The problem is if triple talaq being part of fundamental rights as he says is prohibited through legislation, such legislation itself can be challenged as being violative of fundamental rights. In fact such a legislation by his own logic would be bad in law as it would be in violation of fundamental rights. To top it, he grants injunction from the exercise of a right, which according to him is a fundamental right, for six months to begin with. This is unheard of and jurisprudentially unprecedented and untenable. It was also argued that Article 25 of the Constitution which protects religious freedom as a fundamental right would in turn protect talaq-e-biddat. The Supreme Court has time and again held that essential religious practises are protected by this fundamental right and cannot be tampered with. However Justice Nariman held that as regards talaq-e-biddat is concerned, it is only one form of talaq and the Hanafi school itself treats it as sinful but something to be tolerated. Justice Nariman therefore concluded that this form of talaq cannot be treated in any case as an essential religious practice. Justice Nariman held that obviously in instant talaq such attempts of reconciliation have no scope and such instant triple talaq would be treated as valid even if it was not for any reasonable cause. In view of this, he held that instant triple talaq is manifestly arbitrary and therefore bad.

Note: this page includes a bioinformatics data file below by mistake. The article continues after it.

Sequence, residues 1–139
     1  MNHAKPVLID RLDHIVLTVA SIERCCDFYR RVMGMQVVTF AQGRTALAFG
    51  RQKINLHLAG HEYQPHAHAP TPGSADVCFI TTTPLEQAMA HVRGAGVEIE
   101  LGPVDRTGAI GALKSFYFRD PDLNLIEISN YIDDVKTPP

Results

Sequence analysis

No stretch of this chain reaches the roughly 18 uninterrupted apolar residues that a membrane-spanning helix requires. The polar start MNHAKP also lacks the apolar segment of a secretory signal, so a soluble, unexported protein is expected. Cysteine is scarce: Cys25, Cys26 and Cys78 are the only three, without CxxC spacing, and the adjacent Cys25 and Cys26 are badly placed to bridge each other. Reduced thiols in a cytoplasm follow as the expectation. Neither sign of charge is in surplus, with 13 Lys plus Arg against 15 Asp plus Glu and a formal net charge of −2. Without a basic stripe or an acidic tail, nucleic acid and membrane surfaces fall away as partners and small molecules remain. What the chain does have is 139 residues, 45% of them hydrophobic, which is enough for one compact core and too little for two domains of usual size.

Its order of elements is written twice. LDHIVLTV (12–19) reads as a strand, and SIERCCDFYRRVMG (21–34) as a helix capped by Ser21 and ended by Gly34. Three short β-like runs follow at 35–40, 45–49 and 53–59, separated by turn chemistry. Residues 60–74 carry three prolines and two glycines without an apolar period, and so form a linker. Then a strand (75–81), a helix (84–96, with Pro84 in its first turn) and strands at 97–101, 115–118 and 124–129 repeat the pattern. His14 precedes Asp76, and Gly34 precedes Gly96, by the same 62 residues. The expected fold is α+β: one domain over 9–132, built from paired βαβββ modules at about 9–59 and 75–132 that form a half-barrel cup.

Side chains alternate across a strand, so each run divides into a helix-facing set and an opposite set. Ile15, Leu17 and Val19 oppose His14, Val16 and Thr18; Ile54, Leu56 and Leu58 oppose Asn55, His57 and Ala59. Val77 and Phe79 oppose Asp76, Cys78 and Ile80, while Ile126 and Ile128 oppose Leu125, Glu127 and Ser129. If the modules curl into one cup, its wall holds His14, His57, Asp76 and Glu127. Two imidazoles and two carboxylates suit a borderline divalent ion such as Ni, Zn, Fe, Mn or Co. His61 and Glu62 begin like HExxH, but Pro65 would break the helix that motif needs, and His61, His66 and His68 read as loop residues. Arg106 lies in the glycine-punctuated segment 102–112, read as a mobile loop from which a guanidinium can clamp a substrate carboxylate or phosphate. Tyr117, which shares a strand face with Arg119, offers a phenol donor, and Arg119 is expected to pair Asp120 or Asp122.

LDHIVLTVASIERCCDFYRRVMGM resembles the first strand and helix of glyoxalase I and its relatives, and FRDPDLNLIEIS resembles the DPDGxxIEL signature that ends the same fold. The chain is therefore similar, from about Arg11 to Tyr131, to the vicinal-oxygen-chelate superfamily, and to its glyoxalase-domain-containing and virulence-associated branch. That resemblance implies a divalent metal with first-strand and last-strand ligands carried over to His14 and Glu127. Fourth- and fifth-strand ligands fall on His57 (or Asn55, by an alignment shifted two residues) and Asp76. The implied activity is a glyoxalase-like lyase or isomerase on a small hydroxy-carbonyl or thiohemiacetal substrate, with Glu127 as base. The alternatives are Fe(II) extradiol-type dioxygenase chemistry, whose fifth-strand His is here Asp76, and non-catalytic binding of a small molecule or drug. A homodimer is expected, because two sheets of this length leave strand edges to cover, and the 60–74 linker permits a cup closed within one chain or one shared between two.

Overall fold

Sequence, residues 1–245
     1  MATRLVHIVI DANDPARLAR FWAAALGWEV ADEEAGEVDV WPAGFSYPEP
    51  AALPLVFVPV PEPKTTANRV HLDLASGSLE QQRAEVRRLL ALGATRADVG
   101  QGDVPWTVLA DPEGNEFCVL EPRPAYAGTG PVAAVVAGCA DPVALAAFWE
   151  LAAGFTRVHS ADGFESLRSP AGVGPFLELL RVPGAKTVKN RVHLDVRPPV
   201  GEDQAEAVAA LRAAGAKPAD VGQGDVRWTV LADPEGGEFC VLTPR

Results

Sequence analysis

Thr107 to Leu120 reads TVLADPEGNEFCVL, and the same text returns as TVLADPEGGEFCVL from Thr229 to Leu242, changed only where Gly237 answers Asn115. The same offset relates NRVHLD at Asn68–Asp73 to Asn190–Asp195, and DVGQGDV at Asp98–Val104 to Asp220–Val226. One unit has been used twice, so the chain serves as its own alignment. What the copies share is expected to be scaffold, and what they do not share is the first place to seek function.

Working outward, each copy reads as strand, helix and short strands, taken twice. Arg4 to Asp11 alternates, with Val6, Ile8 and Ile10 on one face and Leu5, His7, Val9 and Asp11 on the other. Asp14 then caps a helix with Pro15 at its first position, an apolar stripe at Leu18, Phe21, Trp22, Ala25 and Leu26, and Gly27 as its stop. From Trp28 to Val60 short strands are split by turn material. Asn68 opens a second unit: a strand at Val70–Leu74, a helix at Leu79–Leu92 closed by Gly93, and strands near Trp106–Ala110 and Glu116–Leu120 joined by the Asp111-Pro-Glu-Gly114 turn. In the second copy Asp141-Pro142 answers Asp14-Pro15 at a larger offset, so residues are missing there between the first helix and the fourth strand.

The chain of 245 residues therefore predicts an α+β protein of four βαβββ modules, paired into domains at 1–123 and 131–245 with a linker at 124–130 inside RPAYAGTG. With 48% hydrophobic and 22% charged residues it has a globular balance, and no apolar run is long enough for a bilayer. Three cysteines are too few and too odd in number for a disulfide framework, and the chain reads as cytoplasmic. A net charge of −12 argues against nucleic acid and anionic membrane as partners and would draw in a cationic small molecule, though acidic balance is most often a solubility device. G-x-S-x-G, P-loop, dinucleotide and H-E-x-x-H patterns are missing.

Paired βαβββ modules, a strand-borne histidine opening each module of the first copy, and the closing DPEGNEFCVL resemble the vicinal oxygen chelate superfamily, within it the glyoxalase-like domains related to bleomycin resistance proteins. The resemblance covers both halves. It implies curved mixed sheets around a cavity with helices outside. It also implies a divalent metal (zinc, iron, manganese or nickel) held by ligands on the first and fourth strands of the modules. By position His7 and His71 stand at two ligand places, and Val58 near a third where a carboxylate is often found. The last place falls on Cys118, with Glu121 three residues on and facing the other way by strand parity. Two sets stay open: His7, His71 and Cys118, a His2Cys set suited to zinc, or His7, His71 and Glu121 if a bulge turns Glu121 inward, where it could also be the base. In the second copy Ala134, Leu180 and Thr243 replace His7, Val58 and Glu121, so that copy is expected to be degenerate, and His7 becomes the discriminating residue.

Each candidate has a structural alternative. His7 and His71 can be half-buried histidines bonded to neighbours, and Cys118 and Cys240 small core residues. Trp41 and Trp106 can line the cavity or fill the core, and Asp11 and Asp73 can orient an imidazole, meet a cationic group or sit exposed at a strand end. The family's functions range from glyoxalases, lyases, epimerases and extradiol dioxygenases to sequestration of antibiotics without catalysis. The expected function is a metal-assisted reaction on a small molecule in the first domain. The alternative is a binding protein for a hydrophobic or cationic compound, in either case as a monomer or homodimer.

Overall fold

The judgment through majority holds that un-legislated personal law does not have to pass the constitutional test but is only required to pass the religious test. It is irrelevant whether such a personal law is discriminatory or against the dignity of women. As long as it can be shown that the particular law flows from religious tenets it is to be held as valid. This is a major impediment for future actions especially against non-legislated personal law, which is what, according to the majority judgment, the Muslim personal law by and large is.